Charlie Allo has a column in the Carolina Beach Island Gazette that is worth your time. The topic is health care reform, and Allo presents some important statistics to keep in mind:
The claim that the healthcare industry is making an outrageous profit does not hold up.
The average profit margin for six large healthcare insurance companies range from 2.40 percent to 7.15 percent. With today’s economy an 8 percent gain would be considered respectable, but one really needs to look at what it takes to calculate a businesses’ needs before the fact.
The healthcare insurance provider has to calculate the cost of hospitalization, doctors, medication, additional procedures, and administration functions. In 2008 all six of these healthcare insurers underestimated the rise in cost related to hospitals, doctors, and medication, consequently the highest profit margin was 4.5 percent and the lowest was 1.5 percent.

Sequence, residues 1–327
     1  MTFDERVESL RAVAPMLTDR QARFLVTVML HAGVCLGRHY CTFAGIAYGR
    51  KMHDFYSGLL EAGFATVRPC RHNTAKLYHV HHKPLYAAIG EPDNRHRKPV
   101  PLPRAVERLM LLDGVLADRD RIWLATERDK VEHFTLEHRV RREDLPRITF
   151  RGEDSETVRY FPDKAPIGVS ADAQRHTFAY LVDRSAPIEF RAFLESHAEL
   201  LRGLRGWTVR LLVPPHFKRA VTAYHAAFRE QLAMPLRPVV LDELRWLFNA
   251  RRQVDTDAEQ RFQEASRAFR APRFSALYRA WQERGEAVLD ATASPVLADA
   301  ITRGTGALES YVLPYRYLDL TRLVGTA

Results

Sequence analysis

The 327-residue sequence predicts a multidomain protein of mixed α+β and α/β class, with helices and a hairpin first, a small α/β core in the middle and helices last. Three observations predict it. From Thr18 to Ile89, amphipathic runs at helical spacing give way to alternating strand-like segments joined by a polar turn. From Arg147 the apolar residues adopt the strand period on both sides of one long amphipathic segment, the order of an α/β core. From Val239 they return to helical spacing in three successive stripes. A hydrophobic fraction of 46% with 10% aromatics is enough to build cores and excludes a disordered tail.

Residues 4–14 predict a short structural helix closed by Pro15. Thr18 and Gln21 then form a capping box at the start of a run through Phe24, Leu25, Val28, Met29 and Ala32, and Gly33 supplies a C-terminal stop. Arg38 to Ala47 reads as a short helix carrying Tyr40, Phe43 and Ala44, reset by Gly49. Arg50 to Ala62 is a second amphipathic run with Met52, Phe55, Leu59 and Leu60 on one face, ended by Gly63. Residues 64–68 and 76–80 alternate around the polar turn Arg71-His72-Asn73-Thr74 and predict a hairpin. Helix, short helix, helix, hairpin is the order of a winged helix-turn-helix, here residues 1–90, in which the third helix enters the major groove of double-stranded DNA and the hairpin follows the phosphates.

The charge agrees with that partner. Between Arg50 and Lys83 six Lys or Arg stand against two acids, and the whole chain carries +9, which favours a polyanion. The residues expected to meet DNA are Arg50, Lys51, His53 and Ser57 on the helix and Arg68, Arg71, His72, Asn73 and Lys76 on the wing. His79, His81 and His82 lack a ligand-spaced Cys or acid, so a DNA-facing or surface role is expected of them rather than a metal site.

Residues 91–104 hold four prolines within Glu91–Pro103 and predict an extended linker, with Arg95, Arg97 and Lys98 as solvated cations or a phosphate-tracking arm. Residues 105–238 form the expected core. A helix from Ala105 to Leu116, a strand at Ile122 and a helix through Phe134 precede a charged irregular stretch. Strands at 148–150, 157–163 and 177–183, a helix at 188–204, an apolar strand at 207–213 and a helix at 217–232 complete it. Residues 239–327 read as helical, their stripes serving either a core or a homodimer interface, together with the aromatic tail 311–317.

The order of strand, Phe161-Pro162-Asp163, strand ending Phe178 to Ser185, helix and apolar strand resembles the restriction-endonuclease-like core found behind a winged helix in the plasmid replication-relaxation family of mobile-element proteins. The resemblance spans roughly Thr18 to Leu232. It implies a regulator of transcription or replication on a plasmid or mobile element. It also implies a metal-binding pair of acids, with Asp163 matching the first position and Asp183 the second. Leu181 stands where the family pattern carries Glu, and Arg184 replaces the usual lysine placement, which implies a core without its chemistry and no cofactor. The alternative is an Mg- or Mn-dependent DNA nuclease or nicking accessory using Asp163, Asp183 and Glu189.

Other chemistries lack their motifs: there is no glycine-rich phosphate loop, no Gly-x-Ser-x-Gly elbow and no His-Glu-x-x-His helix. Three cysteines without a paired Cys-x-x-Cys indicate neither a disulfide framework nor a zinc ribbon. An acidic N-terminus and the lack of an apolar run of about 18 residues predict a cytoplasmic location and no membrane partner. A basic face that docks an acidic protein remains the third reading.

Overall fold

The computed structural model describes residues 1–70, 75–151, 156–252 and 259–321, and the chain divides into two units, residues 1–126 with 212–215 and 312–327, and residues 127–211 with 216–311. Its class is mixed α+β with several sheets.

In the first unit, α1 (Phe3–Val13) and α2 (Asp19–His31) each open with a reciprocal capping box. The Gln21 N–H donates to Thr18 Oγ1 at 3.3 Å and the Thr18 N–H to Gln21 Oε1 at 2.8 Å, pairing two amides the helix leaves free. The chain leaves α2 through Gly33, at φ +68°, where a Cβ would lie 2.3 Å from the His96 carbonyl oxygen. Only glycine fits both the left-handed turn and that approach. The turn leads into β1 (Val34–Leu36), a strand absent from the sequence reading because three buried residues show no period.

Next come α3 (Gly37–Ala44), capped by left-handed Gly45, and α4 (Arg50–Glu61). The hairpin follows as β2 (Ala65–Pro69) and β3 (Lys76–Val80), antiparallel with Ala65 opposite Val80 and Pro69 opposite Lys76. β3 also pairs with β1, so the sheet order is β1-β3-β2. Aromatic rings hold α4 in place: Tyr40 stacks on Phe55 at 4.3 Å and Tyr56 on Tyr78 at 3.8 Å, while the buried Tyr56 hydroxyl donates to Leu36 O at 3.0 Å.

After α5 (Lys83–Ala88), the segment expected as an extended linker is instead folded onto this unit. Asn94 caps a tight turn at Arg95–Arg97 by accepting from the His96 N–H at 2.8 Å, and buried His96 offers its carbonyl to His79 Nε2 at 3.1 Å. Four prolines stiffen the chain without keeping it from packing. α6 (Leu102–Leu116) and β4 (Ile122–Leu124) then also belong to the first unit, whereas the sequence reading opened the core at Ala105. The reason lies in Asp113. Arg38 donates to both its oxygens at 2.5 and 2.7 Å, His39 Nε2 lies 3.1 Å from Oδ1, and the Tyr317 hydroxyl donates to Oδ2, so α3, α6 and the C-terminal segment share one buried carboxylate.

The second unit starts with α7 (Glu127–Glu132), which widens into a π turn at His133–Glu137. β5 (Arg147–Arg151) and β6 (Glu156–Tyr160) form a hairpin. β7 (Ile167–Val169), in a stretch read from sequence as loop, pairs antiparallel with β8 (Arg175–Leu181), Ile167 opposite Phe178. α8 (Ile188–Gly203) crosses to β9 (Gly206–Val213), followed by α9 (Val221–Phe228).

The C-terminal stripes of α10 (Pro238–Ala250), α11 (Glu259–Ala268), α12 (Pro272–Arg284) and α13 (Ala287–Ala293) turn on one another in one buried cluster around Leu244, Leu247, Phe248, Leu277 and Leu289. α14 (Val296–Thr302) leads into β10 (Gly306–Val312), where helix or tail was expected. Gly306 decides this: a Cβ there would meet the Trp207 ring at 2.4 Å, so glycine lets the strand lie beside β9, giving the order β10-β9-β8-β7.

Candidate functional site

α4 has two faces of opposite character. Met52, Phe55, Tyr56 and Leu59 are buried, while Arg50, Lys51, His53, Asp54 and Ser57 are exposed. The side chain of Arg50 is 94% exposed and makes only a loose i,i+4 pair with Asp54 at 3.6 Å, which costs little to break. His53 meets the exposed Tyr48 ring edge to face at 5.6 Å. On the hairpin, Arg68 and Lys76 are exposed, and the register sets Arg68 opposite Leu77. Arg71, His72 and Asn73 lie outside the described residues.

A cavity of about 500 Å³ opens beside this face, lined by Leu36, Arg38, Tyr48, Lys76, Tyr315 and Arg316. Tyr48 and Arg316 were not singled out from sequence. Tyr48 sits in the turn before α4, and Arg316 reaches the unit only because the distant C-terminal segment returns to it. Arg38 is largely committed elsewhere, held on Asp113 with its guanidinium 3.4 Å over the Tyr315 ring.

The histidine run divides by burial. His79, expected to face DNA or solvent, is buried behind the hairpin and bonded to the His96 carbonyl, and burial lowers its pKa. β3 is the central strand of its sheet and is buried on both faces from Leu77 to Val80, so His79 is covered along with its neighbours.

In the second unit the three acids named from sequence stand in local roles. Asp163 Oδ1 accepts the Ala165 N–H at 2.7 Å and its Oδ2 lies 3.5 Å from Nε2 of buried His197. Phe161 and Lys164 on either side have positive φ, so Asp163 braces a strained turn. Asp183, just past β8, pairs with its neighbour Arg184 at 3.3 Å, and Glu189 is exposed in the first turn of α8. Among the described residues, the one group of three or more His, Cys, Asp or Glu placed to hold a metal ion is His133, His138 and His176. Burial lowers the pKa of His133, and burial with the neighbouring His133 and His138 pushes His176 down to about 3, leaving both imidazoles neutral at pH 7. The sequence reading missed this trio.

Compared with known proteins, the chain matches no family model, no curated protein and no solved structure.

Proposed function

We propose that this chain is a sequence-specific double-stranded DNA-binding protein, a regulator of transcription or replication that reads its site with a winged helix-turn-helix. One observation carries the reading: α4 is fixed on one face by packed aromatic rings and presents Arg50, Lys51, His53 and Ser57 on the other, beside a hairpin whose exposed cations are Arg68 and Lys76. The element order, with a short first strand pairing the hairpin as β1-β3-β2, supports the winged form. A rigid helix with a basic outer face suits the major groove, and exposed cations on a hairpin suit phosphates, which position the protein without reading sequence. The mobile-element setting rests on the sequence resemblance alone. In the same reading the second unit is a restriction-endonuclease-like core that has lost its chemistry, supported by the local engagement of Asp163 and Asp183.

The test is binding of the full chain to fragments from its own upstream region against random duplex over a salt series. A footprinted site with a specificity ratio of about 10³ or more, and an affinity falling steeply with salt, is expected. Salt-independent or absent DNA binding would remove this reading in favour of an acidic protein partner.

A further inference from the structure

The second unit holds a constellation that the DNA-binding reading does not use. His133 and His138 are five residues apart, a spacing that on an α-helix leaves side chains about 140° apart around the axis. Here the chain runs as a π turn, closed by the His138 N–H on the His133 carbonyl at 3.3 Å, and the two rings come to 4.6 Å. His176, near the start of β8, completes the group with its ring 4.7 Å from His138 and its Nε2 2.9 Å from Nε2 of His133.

This figure is far below what an economist would call respectable, but the administration wants to treat them like they are a bunch of money grabbers.
I’m no fan of the health insurance industry as currently constituted, but the problem lies with the government tax and regulatory policies that have distorted the concept of health insurance. It doesn’t stem from market competition or the existence of a profit motive. JLF’s Joe Coletti and others explain more here and here:
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